Doreen Killard has a big time clunker, a 1993 GMC Safari. It's perfect for the government's cash for clunkers program.
Last month she traded it in for a new Ford Focus at Syosset Ford. She's supposed to get a $4500 cash in government rebates. Weeks ago, her dealership applied to the government. But today?
"They basically told me that they weren't releasing the car until they got their voucher for the $4500."
Doreen says the new car is still on the dealer's lost with a "sold" sicker on it.
"The concept is great, the execution is horrible." That's what the manager at Doreen's dealership, Syosset Ford, thinks of the government program. He said Syosset Ford has paid out a half a million to its customers in Cash for Clunkers money. How much has the government paid? Just $3500.
And Syosset Ford is not alone, the government says only 7% of all applications have been paid out. And even though the program says dealers must allow the customer to take possession of the new car immediately, it's a rule some dealers, like Syosset Ford, are openly defying. "Until we have an approval to go ahead and do a deal," said the resolute dealer. "We're not really gonna release the cars."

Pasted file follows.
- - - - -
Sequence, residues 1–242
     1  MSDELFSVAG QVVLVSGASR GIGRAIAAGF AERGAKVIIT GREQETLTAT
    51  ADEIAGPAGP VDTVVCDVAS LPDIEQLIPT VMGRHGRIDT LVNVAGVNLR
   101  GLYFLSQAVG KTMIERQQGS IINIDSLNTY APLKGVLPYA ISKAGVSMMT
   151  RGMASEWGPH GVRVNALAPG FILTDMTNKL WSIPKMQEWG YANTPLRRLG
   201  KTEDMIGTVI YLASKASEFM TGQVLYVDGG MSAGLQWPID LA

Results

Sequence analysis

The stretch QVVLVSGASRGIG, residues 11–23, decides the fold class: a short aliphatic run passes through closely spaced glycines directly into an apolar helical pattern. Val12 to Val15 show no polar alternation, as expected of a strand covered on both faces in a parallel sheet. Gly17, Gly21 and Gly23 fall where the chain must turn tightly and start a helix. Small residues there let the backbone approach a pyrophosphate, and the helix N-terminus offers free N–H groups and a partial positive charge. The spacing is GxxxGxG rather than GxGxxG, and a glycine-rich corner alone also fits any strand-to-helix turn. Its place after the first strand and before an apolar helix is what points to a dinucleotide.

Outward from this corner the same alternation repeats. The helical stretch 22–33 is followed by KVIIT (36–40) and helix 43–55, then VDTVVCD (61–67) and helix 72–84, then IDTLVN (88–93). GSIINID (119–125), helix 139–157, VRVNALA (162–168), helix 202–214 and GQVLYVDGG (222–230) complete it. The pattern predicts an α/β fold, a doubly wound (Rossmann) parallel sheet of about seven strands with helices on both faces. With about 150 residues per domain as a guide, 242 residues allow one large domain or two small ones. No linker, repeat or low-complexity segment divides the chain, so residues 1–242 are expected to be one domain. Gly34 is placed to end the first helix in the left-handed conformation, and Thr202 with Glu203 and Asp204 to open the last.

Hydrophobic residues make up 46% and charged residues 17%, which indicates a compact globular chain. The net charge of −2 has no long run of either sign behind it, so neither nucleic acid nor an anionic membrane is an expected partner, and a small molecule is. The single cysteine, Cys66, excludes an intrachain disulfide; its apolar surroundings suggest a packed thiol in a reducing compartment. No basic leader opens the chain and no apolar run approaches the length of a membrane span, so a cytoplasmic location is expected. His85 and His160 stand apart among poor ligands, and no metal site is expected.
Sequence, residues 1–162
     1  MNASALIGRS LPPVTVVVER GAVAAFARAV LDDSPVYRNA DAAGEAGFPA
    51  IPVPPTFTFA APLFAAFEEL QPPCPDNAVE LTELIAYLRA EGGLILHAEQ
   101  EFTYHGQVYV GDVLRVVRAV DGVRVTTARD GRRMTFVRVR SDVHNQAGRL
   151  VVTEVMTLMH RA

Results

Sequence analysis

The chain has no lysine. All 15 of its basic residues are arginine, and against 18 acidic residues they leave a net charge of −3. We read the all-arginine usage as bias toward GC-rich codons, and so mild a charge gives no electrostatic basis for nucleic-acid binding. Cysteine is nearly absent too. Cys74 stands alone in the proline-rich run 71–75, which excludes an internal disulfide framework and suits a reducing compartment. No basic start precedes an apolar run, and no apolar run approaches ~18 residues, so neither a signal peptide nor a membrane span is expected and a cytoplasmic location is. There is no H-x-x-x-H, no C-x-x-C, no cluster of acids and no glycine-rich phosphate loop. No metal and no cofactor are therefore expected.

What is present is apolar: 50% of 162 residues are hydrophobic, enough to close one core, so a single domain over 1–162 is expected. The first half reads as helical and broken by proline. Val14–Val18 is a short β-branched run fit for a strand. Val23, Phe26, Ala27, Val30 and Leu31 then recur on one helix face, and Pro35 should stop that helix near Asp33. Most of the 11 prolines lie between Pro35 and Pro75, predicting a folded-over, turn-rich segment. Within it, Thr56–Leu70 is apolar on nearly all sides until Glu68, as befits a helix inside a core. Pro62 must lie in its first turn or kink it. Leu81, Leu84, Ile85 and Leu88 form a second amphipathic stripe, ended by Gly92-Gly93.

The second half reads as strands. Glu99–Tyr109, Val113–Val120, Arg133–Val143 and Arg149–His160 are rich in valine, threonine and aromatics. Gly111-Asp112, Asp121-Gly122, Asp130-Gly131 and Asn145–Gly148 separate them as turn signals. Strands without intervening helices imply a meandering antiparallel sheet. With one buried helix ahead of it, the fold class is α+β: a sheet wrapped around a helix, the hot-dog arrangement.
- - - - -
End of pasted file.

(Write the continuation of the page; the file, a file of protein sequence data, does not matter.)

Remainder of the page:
Close to a 500,000 cars have been sold since the Cash for Clunkers program started. Factories have called back shifts to keep up with the demand. But the program ends Monday at 8pm and dealers are worried they either won't get repaid or won't get applications submitted before the deadline.
"It's been that successful, the program, which is wonderful. It's coming to the point, again, that everyone is very, very nervous if there will be any money left at the end of the day," says Mark Schienberg of the Greater New York Auto Dealers Association.
So if you're going to a dealership this weekend, expect some confusion. Some dealerships who were participating in the pgroam, may drop out. There may also be some who make deals contingent on being approved so that they don't get left holding the bag for thousands. The government doesn't recommend consumers to sign contingency deals. If you don't want to, just walk out of the dealership.
But one major question before you buy this weekend. Will there be enough money to pay off these rebates? Industry experts are fearing there won't be. The administration says it's estimating new applications won't exceed the $3 billion dollar ceiling. But if it does who will pay for the rebates? The Obama administration said today it won't back additional funding.
Story by: Tappy Phillips
Produced by: Steve Livingstone
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